According to the plan, a total of 64 events are planned for this year within the framework of the NUC. It follows from the document that the Ukrainian authorities and representatives of the alliance behind closed doors are discussing very sensitive issues for Moscow: security in the Black Sea region and the future of the Russian Black Sea Fleet deployed in Crimea, missile defense, Transnistrian settlement, Ukraine’s energy and economic security, reforming its intelligence agencies. The plan even includes such a clause as a discussion of Ukraine’s foreign policy strategy — two meetings within the framework of the KNU in June are devoted to this topic: the first is supposed to discuss the general principles of Ukraine’s foreign policy, and the second the draft strategy.

According to Kommersant, it is known about the intensification of cooperation between Kiev and NATO in Moscow. In any case, Konstantin Kosachev spoke out in this regard unequivocally. “For us, Ukraine’s actions in the NATO direction are not completely transparent. In the footsteps of Kiev, we see inconsistency. They tell us one thing and do another. This is regrettable and we will react to it,” the Kommersant promised.

Another senior interlocutor in the Russian power structures said to Kommersant altogether: "The document shows the complete lack of independence of Ukraine in shaping its foreign policy. All this is weakly associated with the non-aligned status proclaimed by its leadership and refusal of integration into NATO."

In Kiev, this question is categorically disagreed. Sergey Grinevetsky, First Deputy Head of the Supreme Rada Committee on National Security and Defense, referring to the aforementioned law on the fundamentals of domestic and foreign policy, recalled that "it speaks of both" Ukraine’s adherence to non-bloc policy "and the continuation of a constructive partnership with NATO and other military-political blocs on all issues of mutual interest. "" According to him, Ukraine did not adopt a separate law on non-aligned status. “It was only a question of a“ non-blocking policy ”, which does not mean our withdrawal from the development process of the European security system,” Mr. Grinevetsky said. To the Kommersant question about reproaches Kiev of insincerity, the deputy replied: "Who would say about this - Russia, on the one hand, calls Ukraine a strategic partner, and on the other - puts economic pressure on it."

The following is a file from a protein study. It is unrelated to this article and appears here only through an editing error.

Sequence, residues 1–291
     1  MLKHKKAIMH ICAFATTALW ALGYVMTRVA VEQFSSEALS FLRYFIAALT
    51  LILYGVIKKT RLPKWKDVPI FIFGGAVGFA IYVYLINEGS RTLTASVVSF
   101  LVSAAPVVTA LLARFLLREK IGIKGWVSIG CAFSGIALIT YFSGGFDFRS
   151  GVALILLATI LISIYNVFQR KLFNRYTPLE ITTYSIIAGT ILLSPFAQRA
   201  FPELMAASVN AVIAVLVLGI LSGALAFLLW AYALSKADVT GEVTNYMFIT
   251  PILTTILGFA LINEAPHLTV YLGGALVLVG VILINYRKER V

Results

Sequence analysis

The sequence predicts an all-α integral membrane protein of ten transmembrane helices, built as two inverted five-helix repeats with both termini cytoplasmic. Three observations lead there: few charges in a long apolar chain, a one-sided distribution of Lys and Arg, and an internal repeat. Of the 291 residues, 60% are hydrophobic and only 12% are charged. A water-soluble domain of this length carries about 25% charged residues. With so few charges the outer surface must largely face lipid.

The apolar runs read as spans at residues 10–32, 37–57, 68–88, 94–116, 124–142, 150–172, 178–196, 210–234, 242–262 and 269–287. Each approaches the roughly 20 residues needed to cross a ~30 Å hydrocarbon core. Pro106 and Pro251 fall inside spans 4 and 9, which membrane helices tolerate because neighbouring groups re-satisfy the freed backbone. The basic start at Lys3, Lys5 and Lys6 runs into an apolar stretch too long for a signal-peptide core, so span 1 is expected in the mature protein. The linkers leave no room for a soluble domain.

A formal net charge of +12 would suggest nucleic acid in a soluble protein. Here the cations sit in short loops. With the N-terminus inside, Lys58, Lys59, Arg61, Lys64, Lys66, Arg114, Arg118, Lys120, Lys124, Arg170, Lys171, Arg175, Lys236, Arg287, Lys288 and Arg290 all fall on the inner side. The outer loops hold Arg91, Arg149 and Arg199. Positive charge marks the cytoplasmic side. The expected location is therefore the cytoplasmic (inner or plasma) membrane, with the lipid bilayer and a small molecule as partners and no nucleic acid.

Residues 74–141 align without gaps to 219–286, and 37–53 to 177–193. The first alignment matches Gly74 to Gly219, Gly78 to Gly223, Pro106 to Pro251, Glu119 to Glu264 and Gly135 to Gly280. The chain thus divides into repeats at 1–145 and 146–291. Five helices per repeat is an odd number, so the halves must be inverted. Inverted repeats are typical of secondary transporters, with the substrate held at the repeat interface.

Even more frankly, the current state of Russian-Ukrainian relations was commented on condition of anonymity by a high-ranking Kommersant source in the Ukrainian government: "We had the illusion that if we remove key irritants in our relations with the Russian Federation, such as recognition of the famine as genocide, plans to join NATO, and unwillingness to extend presence The Black Sea Fleet, everything will be fine. But this did not happen. Moscow wants us to be in its orbit and pay extra for it as well. Take at least the Customs Union. We are there very strange call t. We can not say that we will benefit from it, and indicate that they have lost and how sanctions shall receive, if we give him to enter, and God forbid, create a free trade zone with the EU. " According to the Kommersant interlocutor, Kiev does not like this approach, and since there is no equal dialogue, they intend to get closer to Europe. “It’s not we moving away from Russia, but it pushes us away,” the official explained. And Ukraine’s close relations with NATO explained: “We are continuing to reform our army according to the alliance’s patterns, and this is not a secret. The plan of joint activities is the usual practice of informing partners on issues of interest to them.”

All this may mean that the short idyll in relations between the Russian Federation and Ukraine, which began with the coming to power of Viktor Yanukovych, is coming to an end. Against this background, the West does not hide its readiness for closer interaction with Kiev, who is disillusioned with Russia. In early June, US Ambassador to Ukraine John Tefft stated that "the doors of the alliance remain open to European democracies such as Ukraine," and particularly noted its "Euro-Atlantic aspirations and orientation." And in the draft report on NATO to Ukraine, the NATO Parliamentary Assembly explicitly states that "at a practical level, the partnership between the alliance and Ukraine continues, despite Kiev’s new policy" and that "Yanukovych was not a pro-Russian politician like Moscow would like." A source at NATO headquarters said “Kommersant”: “Russia should not be offended by Ukraine’s friendship with the alliance. After all, we don’t drag anyone anywhere by force.”